Boots WebMD Partners in Health
Return To Boots

Sexual conditions health centre

Getting tested for STIs

NHS Choices Medical Reference

NHS Choices Logo

There are a number of places where you can get screened for sexually transmitted infections (STIs) including GUM (genitourinary medicine) clinics, some GP surgeries, sexual health and contraception clinics.

The National Chlamydia Screening Programme offers free chlamydia testing to men and women under 25 who have been sexually active and do-it-yourself chlamydia tests are available in many places, including colleges and pharmacies.

All advice, information and STI tests are free, but if you go to your GP you may have to pay a prescription charge for any treatment.

Most STIs are initially diagnosed when you experience symptoms. Other STIs are difficult to diagnose initially because they don't show any symptoms, such as chlamydia, gonorrheoa and genital herpes. Because of this it is a good idea to get tested for STIs if:

  • you have had unprotected sex with a new partner recently,
  • you or your sexual partner have had unprotected sex with other people without using a condom,
  • your sexual partner has symptoms, or,
  • you are planning a pregnancy and have been at risk of infection.

Testing

Tests for both men and women may include:

  • an examination of your genitals, mouth, anus, rectum and skin to look for signs of infection,
  • a urine sample,
  • a blood test,
  • taking swabs from the urethra (tube where you urinate) and any sores or blisters, or,
  • taking swabs from the throat and the rectum, although this is less common.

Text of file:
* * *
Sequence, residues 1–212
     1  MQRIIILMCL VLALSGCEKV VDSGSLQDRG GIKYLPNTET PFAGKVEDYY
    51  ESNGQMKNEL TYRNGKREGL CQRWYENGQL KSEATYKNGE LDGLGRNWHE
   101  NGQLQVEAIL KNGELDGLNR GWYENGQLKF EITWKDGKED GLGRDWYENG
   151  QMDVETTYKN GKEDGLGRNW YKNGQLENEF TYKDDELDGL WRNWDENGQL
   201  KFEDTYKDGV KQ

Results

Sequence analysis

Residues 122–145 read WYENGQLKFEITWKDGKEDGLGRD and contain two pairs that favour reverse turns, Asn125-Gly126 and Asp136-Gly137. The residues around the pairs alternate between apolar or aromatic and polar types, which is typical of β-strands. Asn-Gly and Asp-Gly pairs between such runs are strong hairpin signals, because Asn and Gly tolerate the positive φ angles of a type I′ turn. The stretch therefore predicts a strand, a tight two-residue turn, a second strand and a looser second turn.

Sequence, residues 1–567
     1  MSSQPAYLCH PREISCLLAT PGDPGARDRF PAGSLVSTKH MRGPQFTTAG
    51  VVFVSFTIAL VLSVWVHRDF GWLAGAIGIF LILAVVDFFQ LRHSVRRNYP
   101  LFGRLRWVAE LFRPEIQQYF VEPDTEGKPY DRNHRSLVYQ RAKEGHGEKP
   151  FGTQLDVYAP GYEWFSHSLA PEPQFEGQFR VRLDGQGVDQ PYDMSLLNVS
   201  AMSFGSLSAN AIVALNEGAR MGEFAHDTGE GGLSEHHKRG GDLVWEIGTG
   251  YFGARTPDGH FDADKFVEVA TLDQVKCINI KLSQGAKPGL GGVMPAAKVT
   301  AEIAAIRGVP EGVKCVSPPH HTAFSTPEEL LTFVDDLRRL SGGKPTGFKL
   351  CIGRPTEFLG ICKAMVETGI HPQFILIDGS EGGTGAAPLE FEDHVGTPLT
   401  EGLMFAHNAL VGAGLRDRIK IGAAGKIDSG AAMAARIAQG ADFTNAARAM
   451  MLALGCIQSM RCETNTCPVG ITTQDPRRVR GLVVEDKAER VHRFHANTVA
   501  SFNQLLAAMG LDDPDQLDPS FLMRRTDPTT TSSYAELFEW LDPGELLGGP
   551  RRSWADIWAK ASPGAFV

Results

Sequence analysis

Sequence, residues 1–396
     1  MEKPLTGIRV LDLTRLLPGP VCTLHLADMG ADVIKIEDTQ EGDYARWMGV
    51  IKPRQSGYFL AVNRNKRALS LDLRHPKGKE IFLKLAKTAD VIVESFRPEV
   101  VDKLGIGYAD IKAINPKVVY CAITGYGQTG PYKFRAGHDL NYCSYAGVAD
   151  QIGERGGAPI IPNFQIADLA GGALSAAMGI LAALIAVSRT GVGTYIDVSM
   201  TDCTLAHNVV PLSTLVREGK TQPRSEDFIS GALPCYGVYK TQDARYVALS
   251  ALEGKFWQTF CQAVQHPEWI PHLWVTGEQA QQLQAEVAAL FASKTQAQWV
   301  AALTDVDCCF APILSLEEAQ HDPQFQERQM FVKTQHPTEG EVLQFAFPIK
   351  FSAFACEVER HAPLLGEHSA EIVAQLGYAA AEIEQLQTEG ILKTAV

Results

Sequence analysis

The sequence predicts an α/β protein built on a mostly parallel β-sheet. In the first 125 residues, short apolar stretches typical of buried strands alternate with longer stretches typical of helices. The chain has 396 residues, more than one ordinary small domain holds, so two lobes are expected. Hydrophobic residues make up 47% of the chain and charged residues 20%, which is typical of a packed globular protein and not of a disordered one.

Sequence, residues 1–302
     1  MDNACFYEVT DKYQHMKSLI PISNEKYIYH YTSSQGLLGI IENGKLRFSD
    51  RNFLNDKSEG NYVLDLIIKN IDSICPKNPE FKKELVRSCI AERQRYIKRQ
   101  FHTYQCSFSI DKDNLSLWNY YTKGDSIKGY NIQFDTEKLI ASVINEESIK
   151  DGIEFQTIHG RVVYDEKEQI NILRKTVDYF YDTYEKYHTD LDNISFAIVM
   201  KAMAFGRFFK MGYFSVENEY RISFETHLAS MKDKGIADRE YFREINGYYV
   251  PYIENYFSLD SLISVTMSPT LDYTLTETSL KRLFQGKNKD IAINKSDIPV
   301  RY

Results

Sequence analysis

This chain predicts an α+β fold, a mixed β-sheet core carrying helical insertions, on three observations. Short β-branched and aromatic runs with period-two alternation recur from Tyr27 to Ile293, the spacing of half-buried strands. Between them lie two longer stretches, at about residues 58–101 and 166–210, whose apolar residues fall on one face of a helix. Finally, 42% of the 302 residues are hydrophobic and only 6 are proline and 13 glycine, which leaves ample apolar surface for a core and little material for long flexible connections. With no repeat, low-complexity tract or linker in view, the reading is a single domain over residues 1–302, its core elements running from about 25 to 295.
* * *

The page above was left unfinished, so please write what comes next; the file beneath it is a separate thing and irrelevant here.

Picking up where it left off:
For women the tests might also include:

  • taking swabs from the vagina and cervix (entrance to the womb),
  • having an examination of your vagina.

Confidentiality

All sexual health services are confidential. This means that your personal information, any information about your visit and the tests and treatments that you have will not be shared with anyone outside that service without your permission.

If you are under 16 you still have the same right to confidentiality.

Informing your partner

As STIs are easily passed on through sexual contact, if you have a positive diagnosis for an STI it is important that your current and past sexual partners are notified so that they can be tested and treated, to reduce the risk of spreading and re-infection.

If you do not want to contact your previous partners yourself your local GUM clinic will be able to notify them on your behalf by sending out a contact slip that asks the person to go for a check up at their GP or local sexual health clinic. This will not give your details and will not necessarily say what the infection is that they may be at risk of having.

Medical Review: September 26, 2009

Stay informed

Sign up for BootsWebMD's free newsletters.
Sign Up Now!

WebMD Video: Now Playing

boots-impotence.mov

Erectile dysfunction treatments

Learn what treatments are available for erectile dysfunction and how to talk to your doctor.

Popular Slideshows & Tools on Boots WebMD

woman looking at pregnancy test
Early pregnancy symptoms
donut on plate
The truth about sugar addiction
womans toned abdomen
A workout for a toned tummy
79x79_less_is_more_with_exercise.jpg
Which exercises are safe?
hand extinguishing cigarette
13 best tips to stop smoking
Immune-boosting foods
The role of diet
79x79_not_good_for_you.jpg
18 secrets men want you to know
boy looking at broccoli
Quick tips for feeding picky eaters
hamburger and fries
A guide for beginners
salmon dinner
A diet to boost your mood & energy
polka dot dress on hangar
Lose weight without dieting